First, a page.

FE Focus has tried to resist the use of the word "learner", despite the best efforts of the Government and its agencies to interfere further with the already obscure lexicon of education-speak. We have always felt that words such as student or trainee are perfectly good English, and have long suspected that use of "learner", like much official vocabulary, has a political agenda.
It now seems we were justified. The latest consultation on "informal learning" shows ministers aim to demonstrate that people benefit from education when no teaching is taking place. The intention seems to be that activities such as visiting a library, watching television or using the internet can be held up as evidence that education is reaching more and more people, even when some of the best adult education - including the kind of non-vocational courses that give colleges much of their special character - is being closed down.
Before considering whether to trust the good intentions of the Department for Innovation, Universities and Skills' consultation, we must consider it in the context of this Government's reputation.
Ministers are asking a lot if they expect college lecturers to believe this exercise is about something more than using statistics to hide the gaps in adult provision that are opening up in colleges. In particular, they are asking for our trust. Sadly, trust is a commodity - so skillfully accumulated during New Labour's rise to power in 1997 - that has been squandered in recent years.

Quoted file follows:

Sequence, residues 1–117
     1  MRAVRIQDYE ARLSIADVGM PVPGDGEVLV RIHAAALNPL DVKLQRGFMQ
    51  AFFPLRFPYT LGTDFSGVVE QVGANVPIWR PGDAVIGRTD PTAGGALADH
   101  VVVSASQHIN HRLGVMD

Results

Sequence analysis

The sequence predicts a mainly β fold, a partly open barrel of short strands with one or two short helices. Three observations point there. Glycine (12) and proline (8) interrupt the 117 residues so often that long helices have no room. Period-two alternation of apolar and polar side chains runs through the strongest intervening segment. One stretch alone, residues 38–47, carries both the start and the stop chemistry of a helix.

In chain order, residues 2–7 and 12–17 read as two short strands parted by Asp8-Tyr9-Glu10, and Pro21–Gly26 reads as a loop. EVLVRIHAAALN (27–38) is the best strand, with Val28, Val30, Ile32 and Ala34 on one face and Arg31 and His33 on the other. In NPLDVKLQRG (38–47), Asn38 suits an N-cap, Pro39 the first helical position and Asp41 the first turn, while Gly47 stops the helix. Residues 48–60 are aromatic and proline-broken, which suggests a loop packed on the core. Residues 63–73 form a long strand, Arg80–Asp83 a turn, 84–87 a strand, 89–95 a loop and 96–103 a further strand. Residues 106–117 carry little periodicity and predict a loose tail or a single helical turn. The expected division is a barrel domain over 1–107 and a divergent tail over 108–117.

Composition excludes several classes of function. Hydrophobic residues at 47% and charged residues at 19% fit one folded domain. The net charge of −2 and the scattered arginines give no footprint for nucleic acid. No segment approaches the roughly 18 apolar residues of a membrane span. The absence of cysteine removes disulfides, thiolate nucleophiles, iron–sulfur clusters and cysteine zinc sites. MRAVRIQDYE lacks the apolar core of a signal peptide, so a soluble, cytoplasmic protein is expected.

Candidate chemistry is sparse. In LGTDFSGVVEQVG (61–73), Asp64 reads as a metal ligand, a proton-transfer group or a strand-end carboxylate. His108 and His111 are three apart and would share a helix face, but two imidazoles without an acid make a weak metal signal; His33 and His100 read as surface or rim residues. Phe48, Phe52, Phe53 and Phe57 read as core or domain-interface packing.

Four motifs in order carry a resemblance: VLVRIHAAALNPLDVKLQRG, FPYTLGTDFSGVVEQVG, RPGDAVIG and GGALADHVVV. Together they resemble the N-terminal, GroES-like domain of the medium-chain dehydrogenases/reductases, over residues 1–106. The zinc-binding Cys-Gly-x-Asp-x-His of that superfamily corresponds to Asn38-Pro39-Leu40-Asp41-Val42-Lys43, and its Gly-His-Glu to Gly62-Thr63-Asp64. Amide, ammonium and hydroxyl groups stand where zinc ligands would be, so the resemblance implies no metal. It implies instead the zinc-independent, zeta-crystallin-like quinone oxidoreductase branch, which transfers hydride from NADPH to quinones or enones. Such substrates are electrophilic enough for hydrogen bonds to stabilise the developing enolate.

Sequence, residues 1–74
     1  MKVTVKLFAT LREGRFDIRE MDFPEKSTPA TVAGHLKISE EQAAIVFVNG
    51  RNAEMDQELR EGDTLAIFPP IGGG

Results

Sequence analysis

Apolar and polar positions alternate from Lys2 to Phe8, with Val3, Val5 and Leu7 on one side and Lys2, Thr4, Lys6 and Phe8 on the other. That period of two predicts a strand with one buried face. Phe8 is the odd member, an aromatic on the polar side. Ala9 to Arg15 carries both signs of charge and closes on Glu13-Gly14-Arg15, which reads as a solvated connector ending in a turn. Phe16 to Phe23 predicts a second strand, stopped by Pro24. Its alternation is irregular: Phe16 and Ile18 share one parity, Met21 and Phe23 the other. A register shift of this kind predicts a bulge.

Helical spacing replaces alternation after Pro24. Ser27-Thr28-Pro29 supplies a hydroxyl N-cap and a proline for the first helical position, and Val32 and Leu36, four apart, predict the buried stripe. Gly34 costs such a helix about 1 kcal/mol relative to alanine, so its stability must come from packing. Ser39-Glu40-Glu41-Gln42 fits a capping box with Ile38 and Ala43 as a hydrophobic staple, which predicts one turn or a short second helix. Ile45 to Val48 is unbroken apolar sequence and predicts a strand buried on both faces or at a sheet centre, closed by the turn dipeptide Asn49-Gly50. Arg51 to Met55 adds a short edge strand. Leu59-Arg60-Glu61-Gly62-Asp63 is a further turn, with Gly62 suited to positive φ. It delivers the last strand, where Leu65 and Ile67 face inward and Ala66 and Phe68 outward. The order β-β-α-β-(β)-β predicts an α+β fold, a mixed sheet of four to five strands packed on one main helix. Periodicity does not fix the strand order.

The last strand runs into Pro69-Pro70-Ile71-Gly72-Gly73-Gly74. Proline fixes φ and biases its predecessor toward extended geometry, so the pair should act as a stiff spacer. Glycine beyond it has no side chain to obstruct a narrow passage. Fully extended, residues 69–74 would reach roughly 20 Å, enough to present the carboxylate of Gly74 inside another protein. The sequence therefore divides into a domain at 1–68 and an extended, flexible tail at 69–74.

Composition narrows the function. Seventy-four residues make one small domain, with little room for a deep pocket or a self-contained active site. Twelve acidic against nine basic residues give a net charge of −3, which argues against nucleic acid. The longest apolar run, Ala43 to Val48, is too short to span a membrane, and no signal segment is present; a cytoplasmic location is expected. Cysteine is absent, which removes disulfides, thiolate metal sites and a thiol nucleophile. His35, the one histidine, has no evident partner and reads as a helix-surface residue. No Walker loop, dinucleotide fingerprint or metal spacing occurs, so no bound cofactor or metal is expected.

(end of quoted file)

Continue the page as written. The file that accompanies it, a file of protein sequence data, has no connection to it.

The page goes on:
For many, the rot set in as a result of the absence of evidence to support the stated reasons for the Iraq war. No doubt feeling invincible after surviving that one, it is hardly surprising that the Government thought it could get away with the abolition of the 10 per cent tax bracket, although last week's London mayoral election - if it is any barometer of opinion on national government - suggests otherwise.
These issues may seem far removed from FE policy, but they will influence our readers as they assess the extent of the Government's good faith.
We would urge people to respond to this consultation. But in deciding on the nature of that response, one fundamental question must be asked: can the Government's approach to "informal learning" be trusted?